NORWOOD PARK — Residents fed up with noise from jets using O'Hare Airport's newest runway pressed the three candidates running for 41st Ward alderman Monday about what they would do to turn down the racket.
Ald. Mary O'Connor, who is seeking a second term, Chicago firefighter Anthony Napolitano and business owner Joe Lomanto took turns answering questions at the forum hosted by the Oriole Park Community Club at Oriole Park Elementary School, 5424 N. Oketo Ave.
O'Connor, who is the vice-chairwoman of the City Council's aviation committee, said she had tried to present a realistic view on what can be done to address the hundreds of flights every day over parts of Norwood Park, Edison Park and Edgebrook, where residents heard very little jet noise until a new east-west runway opened in 2013.
"We should have had a voice 10 years ago," when the O'Hare Modernization Program was approved by city, state and federal officials, O'Connor said.
"You can't just make changes like that," O'Connor said, snapping her fingers.
Lomanto said he would work with Fair Allocation in Runways Coalition, an anti-O'Hare noise group that has been fighting the new flight patterns for more than 1½ years.
"We need to use all of the runways," Lomanto said. "I will be out there pushing for a solution."
Napolitano said issues like airport noise made him worry that families who don't have to live in the city will leave, hurting property values.
"We can't give up," Napolitano said.
The candidates were also quizzed on what they would do to relieve overcrowding at schools throughout the Far Northwest Side.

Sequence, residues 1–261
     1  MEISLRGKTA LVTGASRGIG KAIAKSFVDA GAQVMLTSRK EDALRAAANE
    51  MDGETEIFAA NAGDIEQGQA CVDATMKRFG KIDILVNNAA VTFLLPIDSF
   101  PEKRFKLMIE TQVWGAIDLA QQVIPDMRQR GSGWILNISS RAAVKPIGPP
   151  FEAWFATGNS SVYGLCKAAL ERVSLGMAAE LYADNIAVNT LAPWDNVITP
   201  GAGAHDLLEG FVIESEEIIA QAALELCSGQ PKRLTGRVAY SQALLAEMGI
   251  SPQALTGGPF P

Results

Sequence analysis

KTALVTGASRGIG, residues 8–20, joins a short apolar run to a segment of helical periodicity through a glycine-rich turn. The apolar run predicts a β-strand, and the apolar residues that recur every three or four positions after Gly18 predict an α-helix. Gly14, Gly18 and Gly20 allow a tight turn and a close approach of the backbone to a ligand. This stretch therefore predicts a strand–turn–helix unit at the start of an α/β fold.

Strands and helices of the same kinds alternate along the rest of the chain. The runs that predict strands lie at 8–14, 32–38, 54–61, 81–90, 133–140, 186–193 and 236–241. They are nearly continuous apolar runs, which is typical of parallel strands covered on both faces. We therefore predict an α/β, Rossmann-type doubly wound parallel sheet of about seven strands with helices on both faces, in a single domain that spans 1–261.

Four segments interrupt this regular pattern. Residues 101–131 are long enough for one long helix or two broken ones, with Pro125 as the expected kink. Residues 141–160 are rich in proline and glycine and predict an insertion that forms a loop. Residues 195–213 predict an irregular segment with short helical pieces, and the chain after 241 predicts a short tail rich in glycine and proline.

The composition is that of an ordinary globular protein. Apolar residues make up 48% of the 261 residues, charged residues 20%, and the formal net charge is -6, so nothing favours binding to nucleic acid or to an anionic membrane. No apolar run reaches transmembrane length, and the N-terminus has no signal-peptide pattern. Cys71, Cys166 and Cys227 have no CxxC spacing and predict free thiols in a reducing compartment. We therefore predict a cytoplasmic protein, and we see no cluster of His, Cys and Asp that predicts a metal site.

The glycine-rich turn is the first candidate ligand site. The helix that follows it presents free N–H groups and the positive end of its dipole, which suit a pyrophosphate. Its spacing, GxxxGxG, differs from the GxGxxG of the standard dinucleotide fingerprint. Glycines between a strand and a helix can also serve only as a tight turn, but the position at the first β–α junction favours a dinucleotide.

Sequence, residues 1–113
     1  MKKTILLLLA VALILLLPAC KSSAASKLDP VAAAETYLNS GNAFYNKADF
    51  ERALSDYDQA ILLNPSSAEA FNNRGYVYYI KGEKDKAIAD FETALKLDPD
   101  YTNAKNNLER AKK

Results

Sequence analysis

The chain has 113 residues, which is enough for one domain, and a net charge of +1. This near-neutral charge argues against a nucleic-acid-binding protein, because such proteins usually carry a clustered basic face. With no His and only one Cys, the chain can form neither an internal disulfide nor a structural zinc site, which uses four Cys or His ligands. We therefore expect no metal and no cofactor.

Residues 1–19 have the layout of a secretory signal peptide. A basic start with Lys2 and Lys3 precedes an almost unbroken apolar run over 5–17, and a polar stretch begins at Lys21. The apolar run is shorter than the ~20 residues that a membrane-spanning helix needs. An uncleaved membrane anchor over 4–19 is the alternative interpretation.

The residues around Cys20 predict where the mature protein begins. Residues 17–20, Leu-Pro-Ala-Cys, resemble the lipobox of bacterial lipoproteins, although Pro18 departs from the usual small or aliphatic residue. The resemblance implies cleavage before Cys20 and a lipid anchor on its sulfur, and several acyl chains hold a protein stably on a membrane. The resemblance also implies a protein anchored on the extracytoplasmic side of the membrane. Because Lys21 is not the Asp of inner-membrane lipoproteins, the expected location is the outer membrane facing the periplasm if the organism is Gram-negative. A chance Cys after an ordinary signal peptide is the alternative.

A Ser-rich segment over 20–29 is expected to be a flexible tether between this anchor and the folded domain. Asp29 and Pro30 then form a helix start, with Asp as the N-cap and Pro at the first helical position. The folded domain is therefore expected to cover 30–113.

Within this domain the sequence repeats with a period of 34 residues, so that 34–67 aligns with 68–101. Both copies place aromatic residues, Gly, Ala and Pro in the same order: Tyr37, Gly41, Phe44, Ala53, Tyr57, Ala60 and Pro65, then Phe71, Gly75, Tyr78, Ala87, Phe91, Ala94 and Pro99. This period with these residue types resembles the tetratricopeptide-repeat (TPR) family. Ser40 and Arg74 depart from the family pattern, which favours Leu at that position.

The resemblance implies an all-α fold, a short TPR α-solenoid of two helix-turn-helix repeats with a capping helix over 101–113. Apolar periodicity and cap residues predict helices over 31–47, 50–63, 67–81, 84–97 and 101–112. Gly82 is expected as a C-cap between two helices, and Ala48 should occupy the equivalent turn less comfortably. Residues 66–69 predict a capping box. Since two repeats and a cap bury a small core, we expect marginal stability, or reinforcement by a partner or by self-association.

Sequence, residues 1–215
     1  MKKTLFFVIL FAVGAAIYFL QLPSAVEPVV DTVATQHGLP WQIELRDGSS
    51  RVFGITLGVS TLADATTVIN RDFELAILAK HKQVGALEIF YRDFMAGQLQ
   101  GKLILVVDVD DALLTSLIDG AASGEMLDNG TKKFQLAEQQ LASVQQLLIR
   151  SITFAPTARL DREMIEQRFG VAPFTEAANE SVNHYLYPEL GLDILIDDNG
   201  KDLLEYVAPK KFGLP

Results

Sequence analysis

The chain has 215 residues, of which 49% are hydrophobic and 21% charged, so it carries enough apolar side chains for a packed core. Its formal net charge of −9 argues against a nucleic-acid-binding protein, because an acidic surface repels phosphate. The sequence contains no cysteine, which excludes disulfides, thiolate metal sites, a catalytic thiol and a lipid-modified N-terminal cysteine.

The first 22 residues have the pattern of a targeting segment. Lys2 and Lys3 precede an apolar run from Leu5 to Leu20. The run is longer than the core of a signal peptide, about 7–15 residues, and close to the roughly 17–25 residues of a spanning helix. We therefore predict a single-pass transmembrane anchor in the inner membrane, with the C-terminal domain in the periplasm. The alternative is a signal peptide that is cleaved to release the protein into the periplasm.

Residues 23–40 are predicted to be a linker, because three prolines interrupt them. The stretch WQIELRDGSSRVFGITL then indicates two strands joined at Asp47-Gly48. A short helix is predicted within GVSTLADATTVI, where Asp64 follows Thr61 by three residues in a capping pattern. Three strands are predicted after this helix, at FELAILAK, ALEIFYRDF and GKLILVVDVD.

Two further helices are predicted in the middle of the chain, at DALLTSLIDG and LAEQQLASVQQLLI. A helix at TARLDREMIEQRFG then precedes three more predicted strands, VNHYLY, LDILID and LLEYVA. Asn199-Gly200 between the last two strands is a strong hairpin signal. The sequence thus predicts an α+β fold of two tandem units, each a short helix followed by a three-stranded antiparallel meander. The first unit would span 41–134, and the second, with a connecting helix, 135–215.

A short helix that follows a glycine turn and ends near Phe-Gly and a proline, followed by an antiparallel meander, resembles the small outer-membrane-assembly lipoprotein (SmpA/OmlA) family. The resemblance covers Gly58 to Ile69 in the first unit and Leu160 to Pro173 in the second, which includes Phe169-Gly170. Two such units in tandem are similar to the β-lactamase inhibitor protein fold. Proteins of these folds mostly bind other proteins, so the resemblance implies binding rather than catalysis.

O'Connor said she was proud of her record in office, saying $100 million had been invested in the ward's schools during her tenure, including three new elementary school annexes and a $17 million renovation project at Taft High School.
"When we met four years ago, you gave me a to-do list," O'Connor said. "I've accomplished that list, and I want to continue to fight for this ward."
O'Connor said she was proud that all of the ward's playgrounds will be renovated by the end of 2016 and that the city had spent $30 million in repairing the ward's streets, sewers and bridges.
Lomanto, whose stores are in Mayfair and Wrigleyville, said he would ensure that the 41st Ward receives the same level of city services as other parts of the city.
"This ward is well underserved," Lomanto said.
Lomanto said he would allow residents to spend the ward's $1.3 million discretionary fund through a participatory budgeting process.
"We need to get people involved in these decisions," Lomanto said.
Napolitano, who was a Chicago police officer from 2000 to 2005 before joining the fire department, promised to be a more responsive, transparent alderman with an "open-door policy."
"I'm a normal working grunt," Napolitano said. "I will advocate for the area 30 feet in front of your front door and 30 feet behind your front door."
The three candidates all agreed that more police officers should be assigned to the Jefferson Park Police District.
In races where no candidate earns 50 percent of the votes cast on Feb. 24, a runoff between the top two candidates will take place April 7.
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